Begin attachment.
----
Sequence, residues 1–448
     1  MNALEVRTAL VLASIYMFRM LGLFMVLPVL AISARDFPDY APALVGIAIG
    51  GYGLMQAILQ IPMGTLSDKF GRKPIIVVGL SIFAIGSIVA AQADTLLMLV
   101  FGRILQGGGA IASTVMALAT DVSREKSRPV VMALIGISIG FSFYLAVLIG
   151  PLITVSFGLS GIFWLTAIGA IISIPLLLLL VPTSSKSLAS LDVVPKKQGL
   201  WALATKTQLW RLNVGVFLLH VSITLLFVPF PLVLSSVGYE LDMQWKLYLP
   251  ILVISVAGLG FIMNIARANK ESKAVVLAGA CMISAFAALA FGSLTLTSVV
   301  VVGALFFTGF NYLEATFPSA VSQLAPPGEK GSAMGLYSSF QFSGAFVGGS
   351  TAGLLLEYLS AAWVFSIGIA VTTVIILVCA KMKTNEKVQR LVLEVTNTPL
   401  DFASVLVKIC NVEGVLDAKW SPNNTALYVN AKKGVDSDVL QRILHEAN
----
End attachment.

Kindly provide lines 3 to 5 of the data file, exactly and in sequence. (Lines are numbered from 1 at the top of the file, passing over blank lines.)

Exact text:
    51  GYGLMQAILQ IPMGTLSDKF GRKPIIVVGL SIFAIGSIVA AQADTLLMLV
   101  FGRILQGGGA IASTVMALAT DVSREKSRPV VMALIGISIG FSFYLAVLIG
   151  PLITVSFGLS GIFWLTAIGA IISIPLLLLL VPTSSKSLAS LDVVPKKQGL